Friday, Sep 25, 2020 | Last Update : 07:18 AM IST

185th Day Of Lockdown

Maharashtra128396397321434345 Andhra Pradesh6543855794745558 Tamil Nadu5636915082109076 Karnataka5485574446588331 Uttar Pradesh3742773076115366 Delhi2606232243755123 West Bengal2378692080424606 Odisha196888161044805 Telangana1792461481391070 Bihar174266159700878 Assam165582135141608 Kerala15445898720614 Gujarat1289491093113382 Rajasthan1227201023301352 Haryana118554984101177 Madhya Pradesh115361814752007 Punjab105220814752860 Chhatisgarh9562358833680 Jharkhand7643862945626 Jammu and Kashmir68614480791024 Uttarakhand4440432154501 Goa3055224347360 Puducherry2489519311467 Tripura2378616955245 Himachal Pradesh133869232125 Chandigarh109688342123 Manipur9537736959 Arunachal Pradesh8416607113 Nagaland5730459810 Meghalaya4733252838 Sikkim2447190529 Mizoram158510120
  Life   More Features  15 Nov 2019  Bacteria may contribute to global warming faster than contemporary times

Bacteria may contribute to global warming faster than contemporary times

ANI
Published : Nov 15, 2019, 12:15 pm IST
Updated : Nov 15, 2019, 12:15 pm IST

Studies reveal that bacteria may contribute more to climate change as planet heats up.

The results of the study were published in the journal Nature Communications. (Photo: Representational/Pixabay)
 The results of the study were published in the journal Nature Communications. (Photo: Representational/Pixabay)

Washington: The manner in which bacteria and related organisms release carbon dioxide into the air can contribute to a rise in global warming faster than the current rate, according to new research. The research could help to inform more accurate models of future climate warming. The results of the study were published in the journal Nature Communications.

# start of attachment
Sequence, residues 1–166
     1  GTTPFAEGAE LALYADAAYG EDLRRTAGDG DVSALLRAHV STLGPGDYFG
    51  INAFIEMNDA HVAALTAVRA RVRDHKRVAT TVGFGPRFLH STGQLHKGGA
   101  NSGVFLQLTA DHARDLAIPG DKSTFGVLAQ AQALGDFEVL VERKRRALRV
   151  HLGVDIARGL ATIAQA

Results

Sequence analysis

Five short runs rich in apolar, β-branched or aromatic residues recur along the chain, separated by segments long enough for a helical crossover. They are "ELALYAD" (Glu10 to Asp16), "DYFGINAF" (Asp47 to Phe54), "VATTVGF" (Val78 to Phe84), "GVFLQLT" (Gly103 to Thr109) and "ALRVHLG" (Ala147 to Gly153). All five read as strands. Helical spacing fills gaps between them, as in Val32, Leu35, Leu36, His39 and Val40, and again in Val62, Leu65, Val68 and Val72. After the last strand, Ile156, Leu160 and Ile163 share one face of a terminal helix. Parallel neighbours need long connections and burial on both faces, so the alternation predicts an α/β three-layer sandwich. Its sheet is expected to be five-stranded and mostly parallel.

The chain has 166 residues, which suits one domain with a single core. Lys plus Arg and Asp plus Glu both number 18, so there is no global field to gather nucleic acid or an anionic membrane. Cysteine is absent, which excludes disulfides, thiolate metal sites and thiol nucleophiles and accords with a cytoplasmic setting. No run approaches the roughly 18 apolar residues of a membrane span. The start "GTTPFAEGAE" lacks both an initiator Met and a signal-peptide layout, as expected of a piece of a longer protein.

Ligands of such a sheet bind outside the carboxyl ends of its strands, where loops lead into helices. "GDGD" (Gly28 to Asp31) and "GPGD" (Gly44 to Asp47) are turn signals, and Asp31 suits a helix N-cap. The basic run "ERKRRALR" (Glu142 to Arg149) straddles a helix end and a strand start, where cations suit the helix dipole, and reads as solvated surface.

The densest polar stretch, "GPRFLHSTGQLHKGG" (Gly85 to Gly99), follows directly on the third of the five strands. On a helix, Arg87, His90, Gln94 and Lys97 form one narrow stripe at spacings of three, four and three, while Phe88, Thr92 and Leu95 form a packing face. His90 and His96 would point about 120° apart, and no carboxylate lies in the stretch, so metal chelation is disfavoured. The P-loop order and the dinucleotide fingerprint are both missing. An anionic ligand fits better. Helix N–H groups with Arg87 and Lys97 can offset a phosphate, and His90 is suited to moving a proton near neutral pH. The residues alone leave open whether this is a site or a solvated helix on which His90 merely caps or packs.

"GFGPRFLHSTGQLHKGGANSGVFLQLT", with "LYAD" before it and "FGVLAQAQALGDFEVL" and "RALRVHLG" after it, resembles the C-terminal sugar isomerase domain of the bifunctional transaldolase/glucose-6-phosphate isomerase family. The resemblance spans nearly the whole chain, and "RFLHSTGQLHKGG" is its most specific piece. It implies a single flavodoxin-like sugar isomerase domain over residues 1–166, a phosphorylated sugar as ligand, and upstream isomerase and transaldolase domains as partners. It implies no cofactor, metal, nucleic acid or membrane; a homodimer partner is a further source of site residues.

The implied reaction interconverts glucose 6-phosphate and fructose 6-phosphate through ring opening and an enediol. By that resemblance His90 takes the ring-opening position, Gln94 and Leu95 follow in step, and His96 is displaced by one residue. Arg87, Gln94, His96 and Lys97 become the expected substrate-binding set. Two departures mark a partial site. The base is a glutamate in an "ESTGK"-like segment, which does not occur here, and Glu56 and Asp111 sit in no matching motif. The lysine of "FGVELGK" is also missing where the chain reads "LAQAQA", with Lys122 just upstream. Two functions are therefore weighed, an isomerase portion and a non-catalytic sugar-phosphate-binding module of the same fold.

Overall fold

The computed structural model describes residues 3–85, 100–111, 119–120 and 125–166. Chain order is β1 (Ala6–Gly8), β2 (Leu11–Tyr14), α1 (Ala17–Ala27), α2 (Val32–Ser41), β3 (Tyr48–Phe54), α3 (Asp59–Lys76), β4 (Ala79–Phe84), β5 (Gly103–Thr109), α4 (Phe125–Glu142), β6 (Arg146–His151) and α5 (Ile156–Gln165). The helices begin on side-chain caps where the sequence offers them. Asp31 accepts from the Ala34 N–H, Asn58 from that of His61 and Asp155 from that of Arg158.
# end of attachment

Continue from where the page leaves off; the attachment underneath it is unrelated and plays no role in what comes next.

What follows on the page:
As bacteria adapt to hotter temperatures, they speed up their respiration rate and release more carbon, potentially accelerating climate change. Bacteria and archaea, collectively known as prokaryotes, are present on every continent and makeup around half of the global biomass -- the total weight of all organisms on Earth.

 

Most prokaryotes perform respiration that uses energy and releases carbon dioxide -- just like we do when we breathe out. The amount of carbon dioxide released during a given time period depends on the prokaryote's respiration rate, which can change in response to temperature.

However, the exact relationship between temperature, respiration rate, and carbon output has been uncertain. Now, by bringing together a database of respiration rate changes according to temperature from 482 prokaryotes, researchers have found the majority will increase their carbon output in response to higher temperatures to a greater degree than previously thought.

 

Lead researcher Dr Samraat Pawar, from the Department of Life Sciences at Imperial, said: "In the short term, on a scale of days to hours, individual prokaryotes will increase their metabolism and produce more carbon dioxide. However, there is still a maximum temperature at which their metabolism becomes inefficient.

"In the longer term, over years, these prokaryote communities will evolve to be more efficient at higher temperatures, allowing them to further increase their metabolism and their carbon output. The researchers compiled prokaryote responses to temperature changes from across the world and in all different conditions -- from salty Antarctic lakes below 0-degree Celcius to thermal pools above 120-degree Celsius.

 

They found that prokaryotes that usually operate in a medium temperature range -- below 45-degree Celcius -- show a strong response to changing temperature, increasing their respiration in both the short term (days to weeks) and long term (months to years).

Prokaryotes that operate in higher temperature ranges -- above 45-degree Celcius -- did not show such a response, but since they operate at such high temperatures, to begin with, they are unlikely to be impacted by climate change.

The short-term responses of medium-temperature prokaryotes to warming were larger than those reported for eukaryotes -- organisms with more complex cells, including all plants, fungi, and animals. Lead author of the new research, PhD student Thomas Smith from the Department of Life Sciences, said: "Most climate models assume that all organisms' respiration rates respond to temperature in the same way, but our study shows that bacteria and archaea are likely to depart from the 'global average'.

 

"Importantly for future climate predictions, we would also like to know how the numbers of prokaryotes, and their abundance within local ecosystems, might change with increasing temperatures."

Tags: climate change, global warming, ecosystem, bacteria